The Coonley Playhouse, the Frank Lloyd Wright-designed local landmark at 350 Fairbank Road in Riverside, started its life in 1912 as a kindergarten but was converted in 1919 by architect and one-time Wright apprentice William Drummond into a single-family home.
Modified substantially through the decades, the building was owned for the past 40 years by Dr. Ted and Susan Smith, who put the home on the market in 2018 when they relocated to Florida.
The Smiths restored the home’s impressive Wright-designed public spaces – the large former school room that serves as the living room and library – commissioning museum-quality replacements for the whimsical art-glass windows that made the Coonley Playhouse famous.
While anyone walking through the home’s front entrance is wowed by those spaces, the private living spaces of the home made clear why it took three years and a price drop of more than $200,000 for the home to sell.
The Coonley Playhouse was a huge project, one now being enthusiastically undertaken by its new owners, Jeremy and Kirsten Black, who bought the home last October.
The original Wright-designed public spaces essentially were restored by the Smiths, so the Blacks are concentrating their efforts on making Drummond’s later addition to the rear of the property, which made the building into a home, their principal focus.
“We feel like since it was a Drummond addition it gives us the opportunity to make this work for the family without messing with the original Frank Lloyd Wright section,” said Jeremy Black during an interview with the Landmark at the home last week.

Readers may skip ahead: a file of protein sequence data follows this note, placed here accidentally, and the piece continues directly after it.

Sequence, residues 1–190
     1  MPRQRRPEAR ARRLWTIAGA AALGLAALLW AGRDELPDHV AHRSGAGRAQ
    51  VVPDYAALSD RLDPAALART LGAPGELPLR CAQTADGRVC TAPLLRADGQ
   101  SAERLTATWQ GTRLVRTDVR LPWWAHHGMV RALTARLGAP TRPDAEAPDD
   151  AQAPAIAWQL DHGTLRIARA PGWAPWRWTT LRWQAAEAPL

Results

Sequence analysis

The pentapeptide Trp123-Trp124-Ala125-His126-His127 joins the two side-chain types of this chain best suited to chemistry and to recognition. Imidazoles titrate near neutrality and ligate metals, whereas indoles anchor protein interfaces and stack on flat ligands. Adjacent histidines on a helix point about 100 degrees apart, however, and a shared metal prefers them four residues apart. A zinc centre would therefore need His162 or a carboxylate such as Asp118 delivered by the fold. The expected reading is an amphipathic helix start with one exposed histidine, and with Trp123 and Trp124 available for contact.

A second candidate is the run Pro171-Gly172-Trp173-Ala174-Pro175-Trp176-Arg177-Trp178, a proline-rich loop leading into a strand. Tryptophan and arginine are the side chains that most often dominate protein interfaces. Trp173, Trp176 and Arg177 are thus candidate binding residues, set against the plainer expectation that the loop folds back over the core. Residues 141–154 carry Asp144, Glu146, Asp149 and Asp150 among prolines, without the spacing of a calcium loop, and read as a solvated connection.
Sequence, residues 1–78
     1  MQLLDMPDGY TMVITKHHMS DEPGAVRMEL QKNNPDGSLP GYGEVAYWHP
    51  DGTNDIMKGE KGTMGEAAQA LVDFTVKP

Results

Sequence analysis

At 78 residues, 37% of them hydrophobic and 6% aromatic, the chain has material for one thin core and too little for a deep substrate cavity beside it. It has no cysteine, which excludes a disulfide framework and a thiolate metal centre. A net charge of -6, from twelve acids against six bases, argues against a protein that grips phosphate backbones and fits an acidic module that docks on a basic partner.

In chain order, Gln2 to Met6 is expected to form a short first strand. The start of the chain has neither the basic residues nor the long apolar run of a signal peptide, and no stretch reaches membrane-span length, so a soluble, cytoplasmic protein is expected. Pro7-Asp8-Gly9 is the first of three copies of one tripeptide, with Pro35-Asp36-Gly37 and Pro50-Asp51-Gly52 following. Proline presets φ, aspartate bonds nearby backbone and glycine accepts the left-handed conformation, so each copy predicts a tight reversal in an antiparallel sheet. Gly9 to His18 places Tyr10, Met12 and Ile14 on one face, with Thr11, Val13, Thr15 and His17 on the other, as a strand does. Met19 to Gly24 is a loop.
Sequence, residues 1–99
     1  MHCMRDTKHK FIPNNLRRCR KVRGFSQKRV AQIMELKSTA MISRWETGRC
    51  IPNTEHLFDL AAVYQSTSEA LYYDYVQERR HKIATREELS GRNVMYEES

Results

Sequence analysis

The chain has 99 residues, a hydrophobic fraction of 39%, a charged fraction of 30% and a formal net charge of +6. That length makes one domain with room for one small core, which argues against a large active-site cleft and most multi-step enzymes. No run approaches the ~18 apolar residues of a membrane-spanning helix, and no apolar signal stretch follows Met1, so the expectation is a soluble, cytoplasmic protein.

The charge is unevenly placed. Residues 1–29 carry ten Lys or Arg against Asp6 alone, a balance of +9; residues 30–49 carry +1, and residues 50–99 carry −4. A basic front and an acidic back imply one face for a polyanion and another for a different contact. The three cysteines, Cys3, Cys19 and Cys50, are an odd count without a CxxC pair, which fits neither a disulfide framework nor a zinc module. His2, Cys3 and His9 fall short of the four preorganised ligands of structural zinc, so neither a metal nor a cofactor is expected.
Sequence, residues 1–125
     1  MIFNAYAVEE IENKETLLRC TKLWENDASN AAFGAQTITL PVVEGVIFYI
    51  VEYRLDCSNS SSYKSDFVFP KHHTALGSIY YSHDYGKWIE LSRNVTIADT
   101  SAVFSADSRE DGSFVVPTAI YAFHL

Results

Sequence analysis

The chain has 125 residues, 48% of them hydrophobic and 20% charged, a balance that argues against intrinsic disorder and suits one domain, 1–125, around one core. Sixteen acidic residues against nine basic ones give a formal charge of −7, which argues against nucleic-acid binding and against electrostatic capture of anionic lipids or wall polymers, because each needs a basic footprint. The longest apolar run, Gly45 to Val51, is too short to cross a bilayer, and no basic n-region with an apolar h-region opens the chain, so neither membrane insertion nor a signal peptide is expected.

The couple, who have three children, had lived in the Hollywood section of Brookfield since 2009. Black, who is president of the Riverside Arts Center board of directors, said the family was looking to move to a more spacious home. While the Coonley Playhouse might not have immediately ticked that box, it also was an attractive possibility.
As the asking price for the home kept dropping, it became more and more attractive, even if it was going to be a months-long project.
“This was one of those once-in-a-lifetime opportunities that kind of arose as a chance, because we wanted more space and we were going to move anyway,” Black said. “That price drop came into our scenario of what we thought we could do with the house.”
Even then, others thought maybe taking this plunge wasn’t such a hot idea.
“We had multiple people tell us not to do it,” Black said. “And we would slowly talk to them and win them over. ‘This is why we’re doing it. This is why it makes sense.’”
Bolstering their confidence in pulling it off was the fact that Kirsten Black’s father, Phil Wieneke, owned a construction company for many years and is serving as the unofficial general contractor for their remodel.
Wieneke’s experience also included work on a Frank Lloyd Wright-designed home in the south suburbs, said Jeremy Black. In addition, the Blacks have hired Riverside architect Sander Kaplan – who is also a neighbor and owner of a William Drummond home – to design the renovation.